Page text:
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MSc Dissertation topics:
Omar Lakkis
Mathematics — University of Sussex — Brighton, England
November 6, 2013
Office Location: Pevensey 3 5C2
Office hours:
Autumn: Tue & Fri 11:30–12:30; Spring: TBA.
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. .1 Geometric motions
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. .2 Stochastic Differential Equations
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Geometric motions and applications I
See Gurtin, 1993 for details.
Curves, surfaces, and more generally manifolds, tradionally viewed
as static objects lying in a surrounding space.
Geometric motions is the branch of maths that makes manifolds
move.
Geometric motions ⇔ special classes of partial differential
equations (PDE’s) with loads of differential geometry.
In this project(s) we view them instead as moving within the
surrounding space: immersed manifolds.
Differential Geometry (at the heart of Geometric Motions) is a
mature mathematical theory.
Geometric Motions is (surprisingly) quite young: picked-up in the
late seventies of the past century.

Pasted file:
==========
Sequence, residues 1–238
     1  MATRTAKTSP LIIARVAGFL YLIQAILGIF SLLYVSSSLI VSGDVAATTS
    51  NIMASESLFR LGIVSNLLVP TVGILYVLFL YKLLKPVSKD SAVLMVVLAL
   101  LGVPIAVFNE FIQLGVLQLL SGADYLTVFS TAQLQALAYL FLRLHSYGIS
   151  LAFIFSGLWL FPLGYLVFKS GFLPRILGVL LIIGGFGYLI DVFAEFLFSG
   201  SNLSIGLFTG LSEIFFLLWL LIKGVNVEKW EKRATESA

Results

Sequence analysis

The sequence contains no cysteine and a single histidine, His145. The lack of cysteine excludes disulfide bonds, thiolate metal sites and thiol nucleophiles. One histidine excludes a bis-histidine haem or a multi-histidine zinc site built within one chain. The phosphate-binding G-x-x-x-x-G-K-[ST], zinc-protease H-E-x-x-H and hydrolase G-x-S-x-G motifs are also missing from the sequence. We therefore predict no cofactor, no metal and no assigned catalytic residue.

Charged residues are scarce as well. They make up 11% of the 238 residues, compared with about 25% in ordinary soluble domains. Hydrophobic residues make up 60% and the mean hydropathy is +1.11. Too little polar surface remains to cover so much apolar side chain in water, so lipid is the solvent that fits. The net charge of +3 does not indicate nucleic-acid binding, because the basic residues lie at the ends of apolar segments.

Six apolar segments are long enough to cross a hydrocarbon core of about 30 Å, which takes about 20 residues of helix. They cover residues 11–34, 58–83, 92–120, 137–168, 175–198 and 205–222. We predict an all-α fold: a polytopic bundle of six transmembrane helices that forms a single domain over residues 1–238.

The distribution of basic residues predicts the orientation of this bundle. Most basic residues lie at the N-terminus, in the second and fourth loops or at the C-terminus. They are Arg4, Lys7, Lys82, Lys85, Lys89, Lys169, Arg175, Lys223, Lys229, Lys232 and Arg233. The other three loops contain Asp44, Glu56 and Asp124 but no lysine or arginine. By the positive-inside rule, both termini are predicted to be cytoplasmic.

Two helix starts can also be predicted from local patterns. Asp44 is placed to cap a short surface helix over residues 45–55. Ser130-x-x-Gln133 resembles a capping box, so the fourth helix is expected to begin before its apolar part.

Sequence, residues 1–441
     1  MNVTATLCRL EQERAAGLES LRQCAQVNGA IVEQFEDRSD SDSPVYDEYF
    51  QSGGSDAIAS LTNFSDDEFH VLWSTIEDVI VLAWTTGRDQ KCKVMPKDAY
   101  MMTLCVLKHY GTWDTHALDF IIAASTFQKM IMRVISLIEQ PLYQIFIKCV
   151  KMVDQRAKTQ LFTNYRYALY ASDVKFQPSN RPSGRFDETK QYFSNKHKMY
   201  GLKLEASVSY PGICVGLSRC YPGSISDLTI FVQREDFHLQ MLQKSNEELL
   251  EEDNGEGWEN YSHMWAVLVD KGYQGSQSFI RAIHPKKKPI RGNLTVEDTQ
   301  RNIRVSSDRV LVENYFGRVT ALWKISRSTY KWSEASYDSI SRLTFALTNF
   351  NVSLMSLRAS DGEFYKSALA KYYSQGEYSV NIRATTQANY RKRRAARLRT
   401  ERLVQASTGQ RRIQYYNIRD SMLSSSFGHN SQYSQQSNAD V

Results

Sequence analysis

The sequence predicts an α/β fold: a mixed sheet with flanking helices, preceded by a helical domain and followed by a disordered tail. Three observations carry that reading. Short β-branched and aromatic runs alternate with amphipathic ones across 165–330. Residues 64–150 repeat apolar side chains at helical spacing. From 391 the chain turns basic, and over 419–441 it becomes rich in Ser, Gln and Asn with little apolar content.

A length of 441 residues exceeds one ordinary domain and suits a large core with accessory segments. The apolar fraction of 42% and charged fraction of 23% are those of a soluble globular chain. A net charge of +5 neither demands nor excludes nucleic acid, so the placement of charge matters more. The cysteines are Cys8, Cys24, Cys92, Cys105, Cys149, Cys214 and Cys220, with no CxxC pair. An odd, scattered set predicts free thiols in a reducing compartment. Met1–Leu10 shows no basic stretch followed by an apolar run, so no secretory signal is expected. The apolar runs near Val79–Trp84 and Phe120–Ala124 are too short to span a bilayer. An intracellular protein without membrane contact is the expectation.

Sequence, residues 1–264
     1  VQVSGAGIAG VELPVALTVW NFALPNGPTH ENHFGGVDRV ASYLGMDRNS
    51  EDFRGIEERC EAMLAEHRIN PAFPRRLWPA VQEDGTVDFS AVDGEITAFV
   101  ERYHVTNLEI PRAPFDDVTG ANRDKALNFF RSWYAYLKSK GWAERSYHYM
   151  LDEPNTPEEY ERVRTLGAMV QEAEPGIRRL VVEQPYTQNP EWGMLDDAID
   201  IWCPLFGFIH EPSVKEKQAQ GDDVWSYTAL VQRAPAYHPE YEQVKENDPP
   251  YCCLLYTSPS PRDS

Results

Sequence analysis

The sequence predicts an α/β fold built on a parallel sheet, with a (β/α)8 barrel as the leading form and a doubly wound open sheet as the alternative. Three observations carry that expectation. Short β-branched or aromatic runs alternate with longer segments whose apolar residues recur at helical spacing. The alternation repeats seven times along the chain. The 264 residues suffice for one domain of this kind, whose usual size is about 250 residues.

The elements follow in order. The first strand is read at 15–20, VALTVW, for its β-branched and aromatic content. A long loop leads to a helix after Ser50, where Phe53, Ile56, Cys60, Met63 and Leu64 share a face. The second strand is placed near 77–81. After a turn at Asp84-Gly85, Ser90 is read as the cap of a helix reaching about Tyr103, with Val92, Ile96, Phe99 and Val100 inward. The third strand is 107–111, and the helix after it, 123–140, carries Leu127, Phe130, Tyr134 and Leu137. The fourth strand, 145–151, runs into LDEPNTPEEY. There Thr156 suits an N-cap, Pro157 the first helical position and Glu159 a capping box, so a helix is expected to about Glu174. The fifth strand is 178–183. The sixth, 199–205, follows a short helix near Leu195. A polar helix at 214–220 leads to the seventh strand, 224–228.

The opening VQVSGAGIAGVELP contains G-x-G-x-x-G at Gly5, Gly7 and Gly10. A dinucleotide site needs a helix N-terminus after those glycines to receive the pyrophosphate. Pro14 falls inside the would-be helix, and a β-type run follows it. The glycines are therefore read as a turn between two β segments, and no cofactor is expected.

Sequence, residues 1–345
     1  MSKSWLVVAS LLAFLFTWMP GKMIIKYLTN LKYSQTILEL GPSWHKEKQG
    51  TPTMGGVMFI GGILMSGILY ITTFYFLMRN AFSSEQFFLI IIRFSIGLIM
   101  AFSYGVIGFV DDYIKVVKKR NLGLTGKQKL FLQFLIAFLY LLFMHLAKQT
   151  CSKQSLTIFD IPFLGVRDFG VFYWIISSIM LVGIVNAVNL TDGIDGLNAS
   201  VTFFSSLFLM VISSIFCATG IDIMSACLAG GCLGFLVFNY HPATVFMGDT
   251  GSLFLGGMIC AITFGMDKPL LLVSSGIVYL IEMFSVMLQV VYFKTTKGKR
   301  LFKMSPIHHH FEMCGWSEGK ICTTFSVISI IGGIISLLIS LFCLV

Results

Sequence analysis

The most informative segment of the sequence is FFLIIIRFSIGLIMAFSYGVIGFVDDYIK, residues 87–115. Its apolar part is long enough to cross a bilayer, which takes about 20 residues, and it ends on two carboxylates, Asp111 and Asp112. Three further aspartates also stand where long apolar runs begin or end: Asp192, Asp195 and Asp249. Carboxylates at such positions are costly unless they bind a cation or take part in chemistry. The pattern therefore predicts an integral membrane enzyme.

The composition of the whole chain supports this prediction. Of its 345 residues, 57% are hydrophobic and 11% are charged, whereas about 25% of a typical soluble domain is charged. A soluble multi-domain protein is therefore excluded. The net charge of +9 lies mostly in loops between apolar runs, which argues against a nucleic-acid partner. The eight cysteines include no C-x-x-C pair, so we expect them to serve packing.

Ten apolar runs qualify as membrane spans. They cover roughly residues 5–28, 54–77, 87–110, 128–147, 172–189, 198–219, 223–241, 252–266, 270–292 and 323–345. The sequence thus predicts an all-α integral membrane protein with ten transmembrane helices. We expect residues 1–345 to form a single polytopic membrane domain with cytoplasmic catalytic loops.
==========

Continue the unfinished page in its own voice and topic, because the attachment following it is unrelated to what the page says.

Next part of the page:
Recent work of G. Perelman (solving the Poincaré conjecture) has
made geometric motions even more trendy.
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Applications
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Geometric motions play in applications which range from phase
transition to cyrstal growth (see piccie) and from fluid dynamics, image
processing and cell mobility.
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Dendrites
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..
A real-life dendrite lab picture:
A phase-field simulation:
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Mean Curvature Flow
Manifold (curve in picture)
Γ.
.Γ = {u = 0}
Velocity (speed) at each
(space-time) point of Γ is
v(x, t)
Curvature (average of
principal curvatures)
H(x, t).
.v
.
Mean curvature flow obeys
v(x, t) = −H(x, t).
.H
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Level set method
.Γ = {u = 0}
Γ{(t) =
}
x ∈ Rd+1 : ϕ(x, t) = 0
ϕ is a function defined for
all x ∈ Rd+1 .
ϕ satisfies partial
differential equation
.v
.
∂t ϕ(x, t)
∇ϕ(x, t)
−div
= 0.
|∇ϕ(x, t)|
|∇ϕ(x, t)|
.H
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Nonparametric/Graph method
.v
Only sections of the curve
can be represented.
Loads of “standard”
analysis can be used.
.H
Γ =graph of function u.
.
u satisfies
∂ u(x, t)
∇u
√ t
− div √
= 0.
2
2
1 + |∇u(x, t)|
1 + |∇u(x, t)|
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Computations
One way of peforming this extension would be to implement computer
code simulating geometric motions and analysing the algorithms.
Finite element method.
Matlab.
C/C++.